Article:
For those keeping score, Apple had only one computing product left in its lineup that wasn’t multitouch-oriented: its desktop Macs. Not anymore. With the introduction of the Magic Trackpad, Apple has brought its multitouch-enabled clickpad from the MacBook Pro over to the desktop world in the form of a large, square, aluminum-and-glass Bluetooth peripheral. At $69, the Magic Trackpad isn’t cheap, nor is it a solution for professional artists, like Wacom tablets are. It works as intended on the desktop, as an easy-to-use large multitouch trackpad, providing a viable alternative or companion device to the ever-reliable mouse. For those of you who’ve connected your Mac Mini to a TV, the Trackpad could also be compelling as a living-room controller. However, in neither case is the Magic Trackpad a revolutionary input solution. We recommend it primarily to those interested in experimenting with touch-based desktop input.
At first sight, the Magic Trackpad’s minimalism can almost be off-putting. You’ll find no icons, logos, or buttons–just a smooth, edge-to-edge pad with a thin seam at the top delineating the end of the glass trackpad surface. The Magic Trackpad rests simply at an elevated angle, just like Apple’s Bluetooth keyboard that is prepackaged with all iMacs. Side by side, the keyboard and trackpad line up flush to look like a single keyboard-and-trackpad unit. There’s also plenty of room for anyone’s fingers; it’s 80 percent larger than the already-spacious MacBook Pro trackpad. Laid out on a desk, the Trackpad cuts a very attractive and clean profile.
The Magic Trackpad pairs the same way that other Bluetooth Apple devices do, although a trackpad-specific software update is required to enable full multitouch support and customization. Though the wording on the box claims a Mac is necessary, we successfully paired the Magic Trackpad with a Windows PC. Unfortunately, Windows functionality is limited to single-touch and click functions only–we couldn’t get multitouch settings such as pinch-to-zoom and tap-to-click to work on the Magic Trackpad. A Windows support download from Apple wouldn’t install on a Windows PC, and is intended for Boot Camp users running Windows on their Macs.
Like the Bluetooth keyboard, a cylindrical AA-battery compartment is tucked into the top edge, accessible through the side. The Magic Trackpad comes with a pair of standard AAs, but can also use rechargeable batteries. A recessed silver button on one side powers on the Trackpad and initiates Bluetooth pairing, also identical to the keyboard.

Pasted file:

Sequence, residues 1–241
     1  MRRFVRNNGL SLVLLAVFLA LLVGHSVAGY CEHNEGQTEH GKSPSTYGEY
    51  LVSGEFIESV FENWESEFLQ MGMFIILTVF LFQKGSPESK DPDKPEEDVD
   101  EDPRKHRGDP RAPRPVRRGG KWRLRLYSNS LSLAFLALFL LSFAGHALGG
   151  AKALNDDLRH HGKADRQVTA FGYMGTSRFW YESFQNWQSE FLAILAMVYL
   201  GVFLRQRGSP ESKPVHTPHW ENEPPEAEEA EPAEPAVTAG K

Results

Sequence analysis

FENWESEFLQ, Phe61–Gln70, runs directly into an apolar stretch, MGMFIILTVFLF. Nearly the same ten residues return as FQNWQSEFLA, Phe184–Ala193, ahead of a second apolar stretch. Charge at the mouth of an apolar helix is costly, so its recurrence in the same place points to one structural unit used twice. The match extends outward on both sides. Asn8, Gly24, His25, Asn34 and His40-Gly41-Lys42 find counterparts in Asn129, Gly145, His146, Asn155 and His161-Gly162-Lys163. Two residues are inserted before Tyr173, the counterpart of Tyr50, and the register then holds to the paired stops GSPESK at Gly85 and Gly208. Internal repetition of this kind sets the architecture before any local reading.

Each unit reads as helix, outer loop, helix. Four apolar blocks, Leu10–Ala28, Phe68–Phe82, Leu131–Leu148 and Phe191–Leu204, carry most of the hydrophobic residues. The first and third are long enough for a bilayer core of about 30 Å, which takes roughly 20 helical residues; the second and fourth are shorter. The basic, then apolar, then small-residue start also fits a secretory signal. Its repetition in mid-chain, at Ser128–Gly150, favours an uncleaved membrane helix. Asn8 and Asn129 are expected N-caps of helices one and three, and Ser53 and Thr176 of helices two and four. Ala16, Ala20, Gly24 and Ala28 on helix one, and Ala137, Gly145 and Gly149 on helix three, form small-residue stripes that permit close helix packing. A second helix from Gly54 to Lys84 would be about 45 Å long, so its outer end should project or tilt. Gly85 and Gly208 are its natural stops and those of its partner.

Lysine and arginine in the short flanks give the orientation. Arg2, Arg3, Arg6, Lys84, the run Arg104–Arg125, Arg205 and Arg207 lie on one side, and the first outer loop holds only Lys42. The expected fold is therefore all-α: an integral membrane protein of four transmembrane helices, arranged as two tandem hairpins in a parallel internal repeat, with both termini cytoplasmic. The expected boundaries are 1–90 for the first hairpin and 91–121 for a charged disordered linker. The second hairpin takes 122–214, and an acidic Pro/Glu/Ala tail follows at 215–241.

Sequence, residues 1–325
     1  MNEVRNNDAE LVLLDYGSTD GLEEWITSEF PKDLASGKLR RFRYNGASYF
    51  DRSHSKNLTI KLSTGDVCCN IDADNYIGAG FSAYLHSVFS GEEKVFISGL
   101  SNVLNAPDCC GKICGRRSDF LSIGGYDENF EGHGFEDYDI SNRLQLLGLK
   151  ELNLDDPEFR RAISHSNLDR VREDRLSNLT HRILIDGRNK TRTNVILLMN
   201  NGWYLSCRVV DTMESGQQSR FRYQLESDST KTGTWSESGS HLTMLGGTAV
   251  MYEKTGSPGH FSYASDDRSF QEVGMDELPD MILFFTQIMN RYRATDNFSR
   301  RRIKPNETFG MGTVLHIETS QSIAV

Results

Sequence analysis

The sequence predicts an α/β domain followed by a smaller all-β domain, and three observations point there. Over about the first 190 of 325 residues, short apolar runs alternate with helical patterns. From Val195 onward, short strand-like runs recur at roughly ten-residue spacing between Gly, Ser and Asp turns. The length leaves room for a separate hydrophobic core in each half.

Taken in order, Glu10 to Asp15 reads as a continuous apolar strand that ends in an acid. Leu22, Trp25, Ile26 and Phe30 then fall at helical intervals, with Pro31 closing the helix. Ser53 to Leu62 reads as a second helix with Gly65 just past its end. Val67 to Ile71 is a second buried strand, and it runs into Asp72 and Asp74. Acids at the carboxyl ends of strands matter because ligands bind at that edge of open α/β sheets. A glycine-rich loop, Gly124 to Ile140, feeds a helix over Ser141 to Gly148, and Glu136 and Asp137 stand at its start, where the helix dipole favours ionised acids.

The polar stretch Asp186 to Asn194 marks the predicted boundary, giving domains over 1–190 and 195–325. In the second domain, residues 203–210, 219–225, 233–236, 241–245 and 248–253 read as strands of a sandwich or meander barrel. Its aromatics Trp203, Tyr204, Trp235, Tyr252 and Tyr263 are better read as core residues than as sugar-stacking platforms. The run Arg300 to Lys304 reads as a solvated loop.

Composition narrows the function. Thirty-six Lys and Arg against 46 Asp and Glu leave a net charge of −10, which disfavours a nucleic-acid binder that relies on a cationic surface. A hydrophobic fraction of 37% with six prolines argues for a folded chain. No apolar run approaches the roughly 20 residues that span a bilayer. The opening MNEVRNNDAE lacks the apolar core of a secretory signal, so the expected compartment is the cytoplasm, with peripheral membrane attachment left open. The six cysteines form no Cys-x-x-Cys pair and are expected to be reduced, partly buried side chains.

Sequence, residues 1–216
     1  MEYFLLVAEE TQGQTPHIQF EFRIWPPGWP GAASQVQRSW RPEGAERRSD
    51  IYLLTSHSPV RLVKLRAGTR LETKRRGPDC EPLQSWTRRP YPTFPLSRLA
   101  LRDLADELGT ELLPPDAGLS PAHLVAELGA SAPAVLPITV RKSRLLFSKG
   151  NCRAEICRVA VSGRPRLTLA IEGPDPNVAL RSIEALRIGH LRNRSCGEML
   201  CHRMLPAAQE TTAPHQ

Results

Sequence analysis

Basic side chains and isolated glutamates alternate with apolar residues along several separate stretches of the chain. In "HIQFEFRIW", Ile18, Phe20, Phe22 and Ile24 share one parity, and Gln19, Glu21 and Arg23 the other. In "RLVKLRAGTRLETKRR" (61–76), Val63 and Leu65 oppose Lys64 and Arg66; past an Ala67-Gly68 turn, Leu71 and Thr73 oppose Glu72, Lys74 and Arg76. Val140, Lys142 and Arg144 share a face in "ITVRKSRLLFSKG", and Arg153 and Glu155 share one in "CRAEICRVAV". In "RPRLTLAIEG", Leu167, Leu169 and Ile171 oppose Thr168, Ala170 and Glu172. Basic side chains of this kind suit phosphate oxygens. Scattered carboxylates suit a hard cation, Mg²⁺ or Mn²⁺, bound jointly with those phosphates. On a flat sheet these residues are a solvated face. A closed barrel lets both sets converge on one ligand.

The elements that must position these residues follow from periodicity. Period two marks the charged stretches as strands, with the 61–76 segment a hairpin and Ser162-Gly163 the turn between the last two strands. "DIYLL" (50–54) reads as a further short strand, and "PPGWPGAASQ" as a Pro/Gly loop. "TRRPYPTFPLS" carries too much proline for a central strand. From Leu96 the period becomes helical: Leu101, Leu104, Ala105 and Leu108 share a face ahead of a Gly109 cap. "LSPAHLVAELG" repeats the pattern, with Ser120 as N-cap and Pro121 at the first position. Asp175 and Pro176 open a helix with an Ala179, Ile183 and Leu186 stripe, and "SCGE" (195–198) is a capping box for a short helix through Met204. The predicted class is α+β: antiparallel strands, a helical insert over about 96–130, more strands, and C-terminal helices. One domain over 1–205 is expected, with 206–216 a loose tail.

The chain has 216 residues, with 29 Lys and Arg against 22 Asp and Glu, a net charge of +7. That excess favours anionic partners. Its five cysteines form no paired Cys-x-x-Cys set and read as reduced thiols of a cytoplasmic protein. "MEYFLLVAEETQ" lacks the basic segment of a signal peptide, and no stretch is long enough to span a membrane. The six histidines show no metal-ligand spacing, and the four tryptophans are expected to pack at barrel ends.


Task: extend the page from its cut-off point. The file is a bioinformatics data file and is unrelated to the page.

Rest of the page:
You can customize multitouch on the Magic Trackpad via a software update available to all Macs running 10.6.4 or later. A new Trackpad control panel toggles and tweaks features including tap-to-click and scroll speed, although the features cleave closely to ones already familiar to the touch language of MacBooks and MacBook Pros. Beyond shifting the secondary click from left to right and turning on/off inertial scrolling, there aren’t really any ways of customizing other click zones or custom multitouch commands.
If there’s one hardware drawback to the Magic Trackpad, it’s that the physical click function, enabled by seamless buttons concealed on the two near-side corners, only works when you use the device on a hard surface, such as on the top of a desk. Because the click travels through the bottom two rubber feet, not via the pad itself, holding the Magic Trackpad in your lap renders it clickless. There is a solution: enabling tap-to-click on the Magic Trackpad software preferences takes care of this, and we frankly like using tap-to-click better than physical clicking anyway.
The feel of the Magic Trackpad as a desktop tool is comfortable and ergonomic. Our hand rested comfortably on the Trackpad’s incline, and its size made touch control easy without causing hand cramps. Sliding your finger across the pad sometimes takes more motion than we’d prefer, not unlike on a laptop touch pad, but you can tweak the scroll speed in the software preferences to fit your taste.